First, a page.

• @kylelreed

      Exactly, I have been working on finding this place where I can fit in and be energized. Right now I am playing in a basketball league, as well as I play drums at 3 different churches (rotating each sunday) and so that gives me some time out with practice etc…and I know this is going to sound like an excuse, but this area is pretty lame for 20 somethings. But I am working on it.

      It is funny how people are different. I actually am a little of both. At times I am introverted and want to be alone, but at other times I am extroverted and look for people to talk to. It is weird.

  • Brett Barner

    I can relate, but sometimes I find myself always surrounded by people so much, that I just enjoy some time to myself.

    We've been being pounded by snow the past couple weeks which means I've had to shovel a lot. Naomi asked me the other day if I really enjoyed shoveling, and I replied, “No, why?” and she said, “Because you just seem to enjoy it”. That's when I realized that I didn't enjoy the shoveling so much, but I enjoyed the time by myself where I could just “think”.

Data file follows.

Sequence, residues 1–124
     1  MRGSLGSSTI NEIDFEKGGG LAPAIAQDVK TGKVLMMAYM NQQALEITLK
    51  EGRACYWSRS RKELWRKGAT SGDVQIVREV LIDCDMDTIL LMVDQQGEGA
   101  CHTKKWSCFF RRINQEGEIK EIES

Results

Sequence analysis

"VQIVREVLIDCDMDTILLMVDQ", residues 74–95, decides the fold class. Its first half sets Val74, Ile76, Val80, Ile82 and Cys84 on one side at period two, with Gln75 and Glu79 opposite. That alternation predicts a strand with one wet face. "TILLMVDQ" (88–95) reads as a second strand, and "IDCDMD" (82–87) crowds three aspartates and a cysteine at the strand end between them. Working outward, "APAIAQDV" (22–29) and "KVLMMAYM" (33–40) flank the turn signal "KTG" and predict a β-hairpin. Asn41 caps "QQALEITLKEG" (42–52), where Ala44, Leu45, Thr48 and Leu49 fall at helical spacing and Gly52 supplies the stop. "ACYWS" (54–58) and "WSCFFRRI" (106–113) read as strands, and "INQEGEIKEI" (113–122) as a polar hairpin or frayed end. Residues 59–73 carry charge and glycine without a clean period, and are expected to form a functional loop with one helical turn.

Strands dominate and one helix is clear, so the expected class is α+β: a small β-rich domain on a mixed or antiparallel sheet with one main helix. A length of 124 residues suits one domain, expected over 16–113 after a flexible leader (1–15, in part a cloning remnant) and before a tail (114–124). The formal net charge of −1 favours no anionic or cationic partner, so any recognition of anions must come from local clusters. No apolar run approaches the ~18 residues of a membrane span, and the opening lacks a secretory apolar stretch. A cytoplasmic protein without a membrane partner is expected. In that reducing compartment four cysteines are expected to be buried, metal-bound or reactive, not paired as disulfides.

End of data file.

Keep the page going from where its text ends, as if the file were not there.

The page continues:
On the flip-side, Naomi is an elementary school teacher and when she comes home, she asks if we can just talk because she “needs some adult conversation” or interaction.

    Winter always kills me in terms of zapping my energy, but that might be just where I live, Cleveland: The most miserable city in America according to Forbes –

    • @kylelreed

      that is just depressing right there.
      It is funny how you are having to shovel, but it works out because it gives you some time alone.

      • Brett Barner

        FYI, St. Louis – #7 Most Miserable

        • @kylelreed

          Doesn't surprise me at all

  • jaycaruso

    It's interesting to read this because my issue is just the opposite. I can't seem to find 30 minutes or an hour in my day that I truly have to myself until after 10:00pm at night. And at that point, I'm starting to get tired so my mind is not functioning as well as it should be.